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Textile and fashion design for circularity 

Circular design of textiles involves designing textiles in ways that make them last longer, create less waste during their entire life-cycle, are made from non-toxic material and can be recycled (2)

The development and take-up of such solutions can benefit from the use of co-creation approaches in urban environment involving multiple stakeholders, such as designers, manufacturers, researchers, and behavioural scientists. Innovative technologies for customer-driven design and on-demand production can further contribute to lowering the industry’s environmental footprint, especially if coupled with local production and green distribution models (6) (2)

Source: (5) 



Circular design principles in the fashion industry greatly impact product longevity as 40% of all reasons for consumers discarding clothes are linked to functional changes of garments, such as holes or tears, worn-out appearance, loss of elasticity or shape, stains, colour changing or fading (5) (7). The use of appropriate materials and the development of innovative fibres and new construction methods of yarns and fabrics can positively influence the quality of the final product, and hence its durability and reusability.  



Design-driven digital precision technologies and AI software can reduce pre-consumer waste, limit the high percentage of returns of items bought online, and encourage on-demand custom manufacturing, leading to efficiencies of industrial processes and lowering the GHG emissions related to the fashion industry and e-commerce (4). Examples of projects applying and developing digital solutions are Refream and Rodinia



Circular design strategies improve the disassembly and recyclability of textiles, by opting for quality materials, avoiding fibre blending, limiting the application of non-textile accessories and components or making them easily removable. Solutions for recyclability in the fashion industry include also the development of innovative biodegradable materials, both for textile and non-textile products, and disintegrating stitching for easy disassembly (3) (5) (9). Representative cases are the projects Naturella and the innovative stitching developed by the project CIRCTEX


Fashion and textile design can further contribute to circularity in the industry through innovative use of recycled pre- and post-consumer materials, creation of new regenerated fibres from pre-consumer and post-consumer waste, and development of novel biomaterials. Examples are provided by the Trash2Cash and VegeaTextile projects.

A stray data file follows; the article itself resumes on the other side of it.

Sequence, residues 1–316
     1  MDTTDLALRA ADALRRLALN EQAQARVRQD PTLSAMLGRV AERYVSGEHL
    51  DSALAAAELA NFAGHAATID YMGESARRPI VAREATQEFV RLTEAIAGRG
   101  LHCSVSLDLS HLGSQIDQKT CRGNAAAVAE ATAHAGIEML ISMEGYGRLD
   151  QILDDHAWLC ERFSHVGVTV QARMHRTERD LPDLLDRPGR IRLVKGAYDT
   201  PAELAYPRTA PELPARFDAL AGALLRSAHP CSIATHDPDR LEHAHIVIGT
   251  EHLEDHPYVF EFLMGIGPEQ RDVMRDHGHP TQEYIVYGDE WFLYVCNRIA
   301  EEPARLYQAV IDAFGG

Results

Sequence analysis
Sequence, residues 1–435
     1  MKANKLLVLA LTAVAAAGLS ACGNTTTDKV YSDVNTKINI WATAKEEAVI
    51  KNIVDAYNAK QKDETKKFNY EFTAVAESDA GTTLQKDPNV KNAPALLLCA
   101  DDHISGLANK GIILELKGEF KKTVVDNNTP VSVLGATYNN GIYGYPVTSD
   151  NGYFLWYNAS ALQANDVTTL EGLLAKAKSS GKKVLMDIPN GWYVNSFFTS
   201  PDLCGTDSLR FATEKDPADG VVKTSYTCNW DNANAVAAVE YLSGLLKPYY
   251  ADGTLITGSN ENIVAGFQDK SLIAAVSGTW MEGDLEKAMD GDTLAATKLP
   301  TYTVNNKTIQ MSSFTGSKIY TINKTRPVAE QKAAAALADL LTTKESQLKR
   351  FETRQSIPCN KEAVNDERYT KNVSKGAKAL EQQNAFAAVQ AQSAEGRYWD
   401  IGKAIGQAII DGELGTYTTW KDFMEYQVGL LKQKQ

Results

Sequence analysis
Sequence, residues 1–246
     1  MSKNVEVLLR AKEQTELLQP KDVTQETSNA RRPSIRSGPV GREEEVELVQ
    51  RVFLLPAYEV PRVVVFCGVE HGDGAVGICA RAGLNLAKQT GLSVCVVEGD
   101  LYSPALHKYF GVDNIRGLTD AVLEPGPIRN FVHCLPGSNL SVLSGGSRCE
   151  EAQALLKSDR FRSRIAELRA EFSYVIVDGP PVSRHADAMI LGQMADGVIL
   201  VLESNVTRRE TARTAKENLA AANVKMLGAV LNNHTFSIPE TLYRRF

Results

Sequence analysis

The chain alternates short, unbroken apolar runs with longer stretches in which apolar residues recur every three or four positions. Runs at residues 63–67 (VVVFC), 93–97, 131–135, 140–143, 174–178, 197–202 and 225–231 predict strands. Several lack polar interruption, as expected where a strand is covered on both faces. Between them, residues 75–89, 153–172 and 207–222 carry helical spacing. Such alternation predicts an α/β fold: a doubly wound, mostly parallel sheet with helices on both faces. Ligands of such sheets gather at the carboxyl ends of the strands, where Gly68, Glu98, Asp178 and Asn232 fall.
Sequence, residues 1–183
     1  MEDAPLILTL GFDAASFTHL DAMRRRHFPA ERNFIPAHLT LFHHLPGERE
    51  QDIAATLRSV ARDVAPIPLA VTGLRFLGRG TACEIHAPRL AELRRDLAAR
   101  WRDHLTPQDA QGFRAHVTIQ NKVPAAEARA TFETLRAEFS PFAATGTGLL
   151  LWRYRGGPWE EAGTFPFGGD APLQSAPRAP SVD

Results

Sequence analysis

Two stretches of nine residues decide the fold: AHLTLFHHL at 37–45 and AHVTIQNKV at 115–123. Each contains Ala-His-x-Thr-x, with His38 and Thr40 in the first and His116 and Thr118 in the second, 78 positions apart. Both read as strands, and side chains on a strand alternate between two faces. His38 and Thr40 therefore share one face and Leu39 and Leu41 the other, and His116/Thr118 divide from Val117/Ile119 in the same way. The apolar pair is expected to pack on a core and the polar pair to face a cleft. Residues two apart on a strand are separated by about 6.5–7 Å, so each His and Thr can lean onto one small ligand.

Source: VegeaTextile commercial scale first production testing 


Circular textiles and fashion design favours the use of sustainable printing technologies, and sustainable, energy- and water-efficient finishing processes (e.g. bleaching, dyeing), which can help achieve not only improved recyclability of the end-to-life product but also an overall lower environmental impact of the manufacturing (3). H2COLOR-AUX provides a good example of an innovative sustainable dyeing product. 


Users of such solutions can be:  

  • Businesses (B2B): use of fibres, yarns, fabrics and non-textile materials – e.g. shoe manufacturers, the accessory industry, the furniture industry, the car upholstery industry, and the clothing industry. 

  • Consumers (B2C): customisation of products and use of end-products. 

  • Public administrations (B2G): public procurement as a driver for market demand for circular designed workwear and uniforms (6). 


MATURITY: Look at sub-types of solutions.  

Many circular design solutions are already ready for commercial deployment or available on the market, for example: 

  • New sustainable materials and/or licensable technologies for their production: e.g. VegeaTextile provides a patented new material, available on the market. The production technology is planned to be made available for licensing to companies currently working in the animal and synthetic leather goods production. 

  • Digital solutions for textiles, such as Rodinia’s replicable “just-in-time” paradigm (based on its state-of-the art machineries and proprietary AI, Rodinia’s services will be available to customers B2B in 2022) or the zero-waste pattern-cutting techniques to reduce textile scrap used by the Trash2Cash project. 

  • Innovative stitching/sewing yarn, such as CIRCTEX’s patented sewing yarn that is disintegrated through microwave technology for easy disassembly and increased recyclability of end-of-life textiles. 


Various solutions are in demonstration phase, for example: 

  • Refream’s nebulising machine for sustainable processing, garment wash, garment dye, and garment finishing and it’s Beta 3D scanning app supporting novel tailoring techniques and creation methods for small-scale production of fashion. 

  • New sustainable dyeing techniques and products, such as that proposed by H2COLOR-AUX

  • Trash2Cash’s new materials with waste (cotton textiles and cotton/polyester blends) as raw material; 3 high quality materials and various product prototypes have been developed based on consumer insight, offering new eco-fibre options to companies in various industries (fashion, interiors, automotive and other luxury goods). 

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Circular economyClimate resilienceWasteTechnology
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